Disturbing remarks from Pope Francis appear to be in direct opposition to the Bible and the teachings of Jesus Christ. While in Morocco recently, the leader of the Roman Catholic church departed from Scripture by telling believers in Rabat not to evangelize.
Of course, it’s easy to make headlines when you are the religious leader of millions worldwide, but this Pope has a way of making a mess of things in a hurry and leaving a theological tsunami in his wake.
Stop the Great Commission
There is a section in the Bible known as the Great Commission. It is the last recorded personal directive that Jesus made to his followers on earth. Matthew 28:18-20 reads:
“And Jesus came and said to them, ‘All authority in heaven and on earth has been given to me. 19 Go therefore and make disciples of all nations, baptizing them in[a] the name of the Father and of the Son and of the Holy Spirit, 20 teaching them to observe all that I have commanded you. And behold, I am with you always, to the end of the age.’”
In direct contradiction, Pope Francis told his Moroccan audience, “Please, no proselytizing.” Then he “warned Catholics against trying to convert people to their own belief,” saying this “always leads to an impasse.” This would mean the Great Commission applies to everyone everywhere save a small enclave of believers in Rabat. Essentially the Pontiff is saying, “Go therefore and make disciples of all nations (except in Morocco), baptizing them, etc. etc.”
Christians in Morocco number less than 25,000 in a country of an estimated 35 million Muslims. King Mohammed VI has kept Morocco one of the safest religious countries in the Mideast. You may think that’s not saying much, but the king does make an effort to promote religious moderation and avoid the Islamic fringe. This is – at the very least – the goal, even if it isn’t always the reality.
Still, being a religious minority is not a reason to avoid telling others about the One Christians believe to be the Savior of the world and God incarnate. The Great Commission does not carry caveats, i.e., “Go and make disciples unless you are outnumbered.” As such, the Pope’s comments are a real head-shaker to anyone with even the slightest knowledge of the Bible. One of the things devout Christians despise is when Scripture is distorted, and the Holy Father managed to tread there as well when he said, “our mission … is not determined by the number or size of the space we occupy,” but “to bring about change and the spread of mercy.”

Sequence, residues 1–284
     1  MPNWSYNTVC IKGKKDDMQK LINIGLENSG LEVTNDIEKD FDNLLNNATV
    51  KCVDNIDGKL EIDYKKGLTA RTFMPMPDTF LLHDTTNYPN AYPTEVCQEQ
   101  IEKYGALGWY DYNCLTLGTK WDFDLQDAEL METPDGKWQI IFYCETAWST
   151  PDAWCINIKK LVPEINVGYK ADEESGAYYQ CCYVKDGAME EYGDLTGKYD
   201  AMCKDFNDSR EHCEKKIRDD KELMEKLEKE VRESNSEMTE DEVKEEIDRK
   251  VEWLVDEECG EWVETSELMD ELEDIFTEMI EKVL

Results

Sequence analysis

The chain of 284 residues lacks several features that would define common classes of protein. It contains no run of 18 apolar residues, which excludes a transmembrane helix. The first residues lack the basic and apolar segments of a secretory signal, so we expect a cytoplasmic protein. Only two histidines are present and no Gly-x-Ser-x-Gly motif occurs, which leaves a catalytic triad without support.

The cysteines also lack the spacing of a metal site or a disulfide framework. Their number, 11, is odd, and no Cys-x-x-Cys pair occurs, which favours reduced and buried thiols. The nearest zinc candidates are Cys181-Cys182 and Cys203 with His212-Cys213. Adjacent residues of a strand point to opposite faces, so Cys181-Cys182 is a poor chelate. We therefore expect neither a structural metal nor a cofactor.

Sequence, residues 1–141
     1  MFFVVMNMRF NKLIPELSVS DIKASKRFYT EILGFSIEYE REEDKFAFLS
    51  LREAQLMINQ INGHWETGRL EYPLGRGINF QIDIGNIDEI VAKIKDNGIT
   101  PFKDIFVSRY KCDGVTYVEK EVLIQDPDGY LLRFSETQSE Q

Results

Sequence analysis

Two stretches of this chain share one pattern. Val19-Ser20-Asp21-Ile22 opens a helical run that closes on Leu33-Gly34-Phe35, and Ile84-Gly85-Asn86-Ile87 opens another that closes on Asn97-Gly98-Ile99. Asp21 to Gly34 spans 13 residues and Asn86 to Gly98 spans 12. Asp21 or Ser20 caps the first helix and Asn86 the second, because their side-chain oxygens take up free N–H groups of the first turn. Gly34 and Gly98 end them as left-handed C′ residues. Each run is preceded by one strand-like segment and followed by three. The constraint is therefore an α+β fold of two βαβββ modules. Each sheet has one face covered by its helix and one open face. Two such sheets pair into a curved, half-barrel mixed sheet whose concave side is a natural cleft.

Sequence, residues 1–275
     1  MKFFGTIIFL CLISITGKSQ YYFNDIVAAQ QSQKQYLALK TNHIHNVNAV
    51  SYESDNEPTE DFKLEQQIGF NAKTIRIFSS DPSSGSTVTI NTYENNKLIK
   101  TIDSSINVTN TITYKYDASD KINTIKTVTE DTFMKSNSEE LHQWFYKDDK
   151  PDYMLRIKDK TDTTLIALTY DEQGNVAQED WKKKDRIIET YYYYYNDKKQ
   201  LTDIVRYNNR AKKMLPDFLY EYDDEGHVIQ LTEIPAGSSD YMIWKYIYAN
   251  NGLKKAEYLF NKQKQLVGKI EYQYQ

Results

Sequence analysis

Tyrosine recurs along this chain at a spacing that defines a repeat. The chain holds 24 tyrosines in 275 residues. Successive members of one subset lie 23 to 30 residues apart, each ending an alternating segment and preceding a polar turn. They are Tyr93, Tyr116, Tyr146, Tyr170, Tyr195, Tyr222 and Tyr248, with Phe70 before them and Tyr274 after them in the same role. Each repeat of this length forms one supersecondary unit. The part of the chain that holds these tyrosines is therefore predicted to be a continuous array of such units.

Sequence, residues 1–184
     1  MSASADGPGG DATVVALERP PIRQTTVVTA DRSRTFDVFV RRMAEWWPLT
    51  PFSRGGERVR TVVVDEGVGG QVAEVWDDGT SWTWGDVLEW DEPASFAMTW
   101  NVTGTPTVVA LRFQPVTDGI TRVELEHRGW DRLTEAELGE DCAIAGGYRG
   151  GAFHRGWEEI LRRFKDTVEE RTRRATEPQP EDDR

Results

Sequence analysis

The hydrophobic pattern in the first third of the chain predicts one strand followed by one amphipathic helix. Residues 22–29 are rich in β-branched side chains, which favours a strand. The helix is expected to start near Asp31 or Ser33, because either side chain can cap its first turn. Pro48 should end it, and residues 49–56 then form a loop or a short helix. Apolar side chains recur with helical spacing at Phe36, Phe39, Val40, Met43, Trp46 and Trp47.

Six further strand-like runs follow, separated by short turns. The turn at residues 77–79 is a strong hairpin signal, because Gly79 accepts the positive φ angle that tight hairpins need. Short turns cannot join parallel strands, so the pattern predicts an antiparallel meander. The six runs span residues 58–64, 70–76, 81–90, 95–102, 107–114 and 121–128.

While mercy is a vital tenet of Christianity, it does not take precedence over discipleship. Jesus does not say, “If you are outnumbered, remember to be merciful and forget telling people about me.” Finally, the Pope finished off, “The problem is not when we are few, but when we are unimportant.”
What in the world does that mean?
It certainly appears these comments are a corruption of the Holy Scriptures. This is not the first time the Pontiff has engaged in this type of behavior, and Evangelicals far and wide have taken him on for his ability to part ways with what the Bible renders as truth. For those who do not hold to the teachings of the Holy Scriptures, this Pope is “like a dream come true.” Remember when he intimated that do-gooder Atheists are redeemed? There are myriad examples of the Holy Father departing from Scripture. But to add insult to injury, he can’t seem to keep his nose out of politics, either. Back in 2016, he took on then-candidate Donald Trump and called for “bridges, not walls.”
Well, he doubled-down on that in Morocco this week:
“Builders of walls, be they made of razor wire or bricks, will end up becoming prisoners of the walls they build,” he said. “I realize that with this problem, a government has a hot potato in its hands, but it must be resolved differently, humanely, not with razor wire.”
Though this writer is not Roman Catholic, as stated before, I am not anti-Catholic. But the Holy Father’s remarks make for continued controversy. And my guess is that both Roman Catholics and Protestants would have less to argue about regarding the Pope if he would just stop talking about that which he knows nothing and stop distorting the things he is supposed to understand.
As it is, Pope Francis has managed to make a mockery of the Bible and himself at the same time.Whatfinger.com